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One of my recent IT consulting clients is a digital media shop that operates a local 60-node rendering farm. Based on their available bandwidth, scale, and, most importantly, established workflows and style, this client is not interested in exploring an external cloud solution at this time. Fast and stable access to rendering farm resources from desktop workstations is absolutely critical for their ongoing projects, and the trade-offs involved with a cloud provider are not favorable. Most likely, comparable new media and effects studios of this size will come to a similar conclusion.

However, larger studios such as DreamWorks are already beginning to assign additional work to specialized compute clouds, in this case developed by the state of New Mexico. As graphics and rendering-specialized clouds emerge onto the commercial market, a key question is once again determining the relative strategic value of IT infrastructure to the business. Certainly, in the case of a digital/3D studio, the primary source of competitive value resides in the creative capabilities of designers, upon whose completed projects the studio builds it reputation upon. Tangible assets from graphics software to Mac workstations, network switches and SAN’s are generic and easily replaced. But the utilization of the technical infrastructure, encompassing a workflow from importing raw media to editing and rendering files, and managing IT resources such as render node availability, storage space, security, and backups, are also critical components of this business and therefore not likely candidates to be fully sourced externally.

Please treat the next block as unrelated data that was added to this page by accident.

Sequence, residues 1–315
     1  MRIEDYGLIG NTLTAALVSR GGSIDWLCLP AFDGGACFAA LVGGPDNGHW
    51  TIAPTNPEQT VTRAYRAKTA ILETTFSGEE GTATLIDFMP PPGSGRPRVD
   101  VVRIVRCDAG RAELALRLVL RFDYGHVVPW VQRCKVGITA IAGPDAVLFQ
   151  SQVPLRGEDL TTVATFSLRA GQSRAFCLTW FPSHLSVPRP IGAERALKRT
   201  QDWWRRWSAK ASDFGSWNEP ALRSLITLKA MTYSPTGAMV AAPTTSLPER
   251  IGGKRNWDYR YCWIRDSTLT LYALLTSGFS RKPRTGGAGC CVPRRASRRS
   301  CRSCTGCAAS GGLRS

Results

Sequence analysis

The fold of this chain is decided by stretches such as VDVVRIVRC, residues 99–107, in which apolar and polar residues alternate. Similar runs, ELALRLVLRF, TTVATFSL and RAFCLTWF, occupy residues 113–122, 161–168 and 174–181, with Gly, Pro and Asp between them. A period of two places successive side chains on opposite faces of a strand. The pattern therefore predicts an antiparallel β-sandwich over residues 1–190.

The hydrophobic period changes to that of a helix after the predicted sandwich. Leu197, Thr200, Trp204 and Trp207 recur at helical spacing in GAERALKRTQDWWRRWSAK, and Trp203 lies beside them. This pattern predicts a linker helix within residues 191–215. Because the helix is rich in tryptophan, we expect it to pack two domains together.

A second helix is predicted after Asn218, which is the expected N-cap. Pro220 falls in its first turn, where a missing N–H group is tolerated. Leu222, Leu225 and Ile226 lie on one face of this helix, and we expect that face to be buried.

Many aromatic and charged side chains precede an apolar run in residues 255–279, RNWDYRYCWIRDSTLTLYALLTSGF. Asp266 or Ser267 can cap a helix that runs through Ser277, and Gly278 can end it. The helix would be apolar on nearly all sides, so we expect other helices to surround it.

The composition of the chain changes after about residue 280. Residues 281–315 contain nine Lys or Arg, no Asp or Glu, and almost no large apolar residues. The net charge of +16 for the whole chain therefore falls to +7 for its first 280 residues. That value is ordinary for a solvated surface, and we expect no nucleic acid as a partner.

As the cloud computing market matures and delivers more customized solutions, the 3D/render space should get very interesting. New and specialized processor offerings from vendors such as AMD and Intel will also make the choice between local and cloud-based render farms more challenging.

Dry reflections on a possible IBM purchase of Sun

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The rumors of this IT mega-merger have been swirling and were in full force this week. I’m not sure yet how the long-term balance of strategic benefits will work out for IBM, as well as the impact on the industry. Who knows, maybe Big Blue wants to take spotlight away from possible controversy involving CEO Sam Palmisano’s monstrous $21 million bonus in 2008, in light of the current AIG drama? Just sayin’…

Benefits

  • Sun’s new Open cloud API, very cool
  • Sun’s virtualization
  • MySQL, and more open-source credentials
  • Bigger imprint into the Data center (and the cloud)
  • Java

Drawbacks

  • Accumulating more overhead…HP took years to digest Compaq
  • Sun’s cachet has been fading for many years
  • Still not a major network player, despite recent partnership with Juniper
  • Still not a major storage player – see EMC, NetApp, Dell and Hitachi
  • Java

It’s hard not to interpret IBM wanting to swipe back at Cisco in the race to dominate the emerging cloud market, given that the rumors emerged barely a day after Cisco’s major Unified Computing initiative. But IBM is enhancing their strengths – servers, open source, applications – and not addressing weaknesses in networking and storage with this potential acquisition. HP appears to have a more compelling end to end Data Center offering, with an established EVA StorageWorks line in addition to ProCurve networking. I’m not sold on this one yet…